The battle of Harsimus Cemetery
Goats serve as weapon against invasive weeds
by Al Sullivan
Reporter staff writer
Aug 17, 2014 | 3481 views | 1 1 comments | 20 20 recommendations | email to a friend | print
GOATS
KING OF THE MOUNTAIN – Goat stands on top of a fallen tree overlooking the historic cemetery.
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Heifer, the black and white goat and presumed leader of the herd of goats who are spending the summer at Harsimus Cemetery in Jersey City, bleats from the top of a fallen tree. Out of the maze of historic gravestones and the few remaining patches of weeds, other goats emerge. Carmella, a brown goat with tan stripes across her face, is the most curious of the five goats, attracted to bright objects like the keys in a visitor’s pocket.

The goats don’t always huddle together, but often do, working this section of the graveyard with a common purpose, chewing down weeds that human volunteer caretakers cannot control no matter how many hours they spend with weed-whackers and gloves.

A white goat named Johnny Bravo stands along the upper level where slightly more than two centuries ago General Lafayette must have stood during the American Revolutionary War.

Then it was an encampment for revolutionary forces, and from this point in Jersey City the general could see the arrival of British ships in the harbor. The advantage did not help him win the battle of Paulus Hook, but established this bit of meadow as a valuable place in the history of the emerging nation.

Prior to the creation of the cemetery in 1829, its historical significance dates back to the 1700s as the site of Revolutionary War skirmishes, and of an active ammunition bunker during the War of 1812 that still stands on the grounds.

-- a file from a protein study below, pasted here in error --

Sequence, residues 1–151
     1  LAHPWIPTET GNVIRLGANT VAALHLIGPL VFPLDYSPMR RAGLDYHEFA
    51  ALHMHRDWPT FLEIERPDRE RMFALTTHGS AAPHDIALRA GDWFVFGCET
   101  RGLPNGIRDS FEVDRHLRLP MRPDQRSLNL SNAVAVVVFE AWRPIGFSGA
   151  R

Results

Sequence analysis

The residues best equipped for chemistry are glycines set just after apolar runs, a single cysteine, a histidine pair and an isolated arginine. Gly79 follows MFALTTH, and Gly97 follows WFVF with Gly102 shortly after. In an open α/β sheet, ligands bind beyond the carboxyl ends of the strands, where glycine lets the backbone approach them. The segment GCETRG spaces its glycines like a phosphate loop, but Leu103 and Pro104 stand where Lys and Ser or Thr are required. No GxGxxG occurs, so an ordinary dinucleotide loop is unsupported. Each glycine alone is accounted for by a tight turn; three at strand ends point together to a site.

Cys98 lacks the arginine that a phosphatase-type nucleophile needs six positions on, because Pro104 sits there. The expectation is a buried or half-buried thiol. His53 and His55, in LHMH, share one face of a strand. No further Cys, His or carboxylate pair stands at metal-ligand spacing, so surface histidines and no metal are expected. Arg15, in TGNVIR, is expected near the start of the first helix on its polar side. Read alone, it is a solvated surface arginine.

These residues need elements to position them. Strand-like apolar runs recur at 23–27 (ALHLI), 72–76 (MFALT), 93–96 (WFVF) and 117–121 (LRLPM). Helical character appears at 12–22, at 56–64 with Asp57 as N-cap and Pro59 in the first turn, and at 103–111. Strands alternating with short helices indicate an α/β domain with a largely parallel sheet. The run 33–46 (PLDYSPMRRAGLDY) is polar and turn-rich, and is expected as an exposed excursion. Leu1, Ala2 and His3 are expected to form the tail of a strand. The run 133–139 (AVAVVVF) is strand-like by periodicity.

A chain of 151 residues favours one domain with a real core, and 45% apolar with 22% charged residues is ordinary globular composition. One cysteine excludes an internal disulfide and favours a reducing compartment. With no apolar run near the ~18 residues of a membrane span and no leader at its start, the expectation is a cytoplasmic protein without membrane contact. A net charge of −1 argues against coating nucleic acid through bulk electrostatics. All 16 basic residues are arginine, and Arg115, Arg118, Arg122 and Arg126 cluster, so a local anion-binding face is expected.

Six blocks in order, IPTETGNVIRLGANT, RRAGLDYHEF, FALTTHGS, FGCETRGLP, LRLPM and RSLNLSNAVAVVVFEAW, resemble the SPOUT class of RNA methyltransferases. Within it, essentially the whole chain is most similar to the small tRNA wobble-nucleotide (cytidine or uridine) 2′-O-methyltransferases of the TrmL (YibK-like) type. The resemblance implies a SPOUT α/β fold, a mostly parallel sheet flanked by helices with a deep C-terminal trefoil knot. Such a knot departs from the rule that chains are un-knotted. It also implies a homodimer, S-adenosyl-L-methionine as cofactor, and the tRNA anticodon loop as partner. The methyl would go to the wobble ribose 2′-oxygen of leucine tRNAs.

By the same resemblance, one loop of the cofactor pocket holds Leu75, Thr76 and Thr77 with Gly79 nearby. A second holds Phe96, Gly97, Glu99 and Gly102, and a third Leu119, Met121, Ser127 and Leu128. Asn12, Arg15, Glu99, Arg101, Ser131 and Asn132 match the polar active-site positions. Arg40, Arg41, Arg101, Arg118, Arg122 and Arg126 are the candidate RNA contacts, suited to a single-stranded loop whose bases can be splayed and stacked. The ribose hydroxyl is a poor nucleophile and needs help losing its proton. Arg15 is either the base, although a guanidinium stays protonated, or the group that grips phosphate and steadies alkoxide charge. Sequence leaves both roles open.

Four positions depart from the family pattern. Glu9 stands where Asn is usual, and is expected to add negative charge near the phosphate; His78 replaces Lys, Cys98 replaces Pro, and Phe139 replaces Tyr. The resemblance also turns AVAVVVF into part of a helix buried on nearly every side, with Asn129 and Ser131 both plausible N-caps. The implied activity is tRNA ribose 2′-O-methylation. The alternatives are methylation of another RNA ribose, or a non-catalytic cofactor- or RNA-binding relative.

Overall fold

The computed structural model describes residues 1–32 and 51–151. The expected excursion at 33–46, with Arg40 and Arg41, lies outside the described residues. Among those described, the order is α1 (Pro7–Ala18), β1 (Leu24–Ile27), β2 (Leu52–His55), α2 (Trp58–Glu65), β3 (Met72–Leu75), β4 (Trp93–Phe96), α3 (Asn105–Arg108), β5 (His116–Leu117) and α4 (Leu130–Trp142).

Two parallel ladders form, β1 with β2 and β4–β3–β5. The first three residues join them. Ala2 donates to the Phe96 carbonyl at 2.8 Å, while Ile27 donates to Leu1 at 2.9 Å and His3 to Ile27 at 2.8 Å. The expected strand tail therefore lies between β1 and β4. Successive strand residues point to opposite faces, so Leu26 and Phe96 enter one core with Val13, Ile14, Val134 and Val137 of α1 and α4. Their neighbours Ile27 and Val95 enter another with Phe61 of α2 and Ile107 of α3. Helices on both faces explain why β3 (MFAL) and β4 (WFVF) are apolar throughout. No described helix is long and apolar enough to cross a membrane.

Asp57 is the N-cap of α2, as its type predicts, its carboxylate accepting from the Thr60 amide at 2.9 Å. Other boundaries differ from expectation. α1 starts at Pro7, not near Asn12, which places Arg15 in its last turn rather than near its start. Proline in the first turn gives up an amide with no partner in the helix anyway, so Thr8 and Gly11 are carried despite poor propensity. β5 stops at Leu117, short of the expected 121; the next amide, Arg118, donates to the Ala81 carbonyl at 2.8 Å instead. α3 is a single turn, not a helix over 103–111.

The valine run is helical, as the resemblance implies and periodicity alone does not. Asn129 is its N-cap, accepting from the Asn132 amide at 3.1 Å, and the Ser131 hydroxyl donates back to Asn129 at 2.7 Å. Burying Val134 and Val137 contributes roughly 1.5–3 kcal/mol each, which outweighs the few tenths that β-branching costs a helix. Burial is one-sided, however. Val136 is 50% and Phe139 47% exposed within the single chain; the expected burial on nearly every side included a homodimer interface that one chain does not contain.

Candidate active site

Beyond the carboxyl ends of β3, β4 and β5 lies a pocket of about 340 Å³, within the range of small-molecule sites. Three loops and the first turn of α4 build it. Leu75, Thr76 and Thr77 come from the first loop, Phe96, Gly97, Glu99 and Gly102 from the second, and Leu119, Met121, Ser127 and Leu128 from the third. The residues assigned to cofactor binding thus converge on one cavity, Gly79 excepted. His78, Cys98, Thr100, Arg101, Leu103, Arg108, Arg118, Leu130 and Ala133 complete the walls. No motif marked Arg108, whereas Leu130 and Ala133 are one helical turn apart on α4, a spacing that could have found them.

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“The goats love Poison Ivy and any plant with thorns, but have managed to curtail the growth of the invasive weed known as Japanese Knotweed.” – Eileen Markenstein
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Eileen Markenstein, who leads the all-volunteer mission to restore the cemetery, said the bunker supplied the military fort located on the spot where Dickenson High School stands today.

Now the cemetery is the sacred, eternal resting place for thousands of soldiers from the Revolutionary and Civil Wars, the War of 1812, the Spanish-American War, World Wars I and II, as well as the remains of the earliest Jersey City founders, leaders, residents and legends.

With 200 year old English Ivy adorning many of the towering trees and the monumental works of art, this 6-acre sanctuary of peace and unique history is one of the most beautiful natural settings in Jersey City.

Back from the grave?

Although the first graveyard in the state, it became neglected and abandoned in early 2008. Vandals desecrated the place. Homeless people lived here. Junkies and squatters occupied the gate house. The place was so out of sorts, people didn’t want to walk past it on the street. Tombstones were toppled, which was sad for Markenstein because some of her ancestors were buried here.

“I have four generations here,” she said.

There was no roof on the garage. In fact, a tree was growing out of the middle of it. Weather destroyed the equipment stored in it.

She and other volunteers came to the rescue. They formed a new volunteer board of trustees to help restore the cemetery. But it has not been an easy effort, and one of the significant problems has been overgrowth of invasive weeds.

The volunteers performed a study for various methods for invasive plant species management, and tried them all to no avail. They’ve used lawn mowers, machetes, and wet paper mulch, they’ve covered them in plastic to smother them. They even tried digging them out by the roots, only to have little seeds disperse and grow even more weeds. They chose not to use chemicals because of all the natural wildlife that inhabits the 6-acre site, so every few weeks, teams of up to 50 people would cut the weeds down, and two weeks later, they would be back again.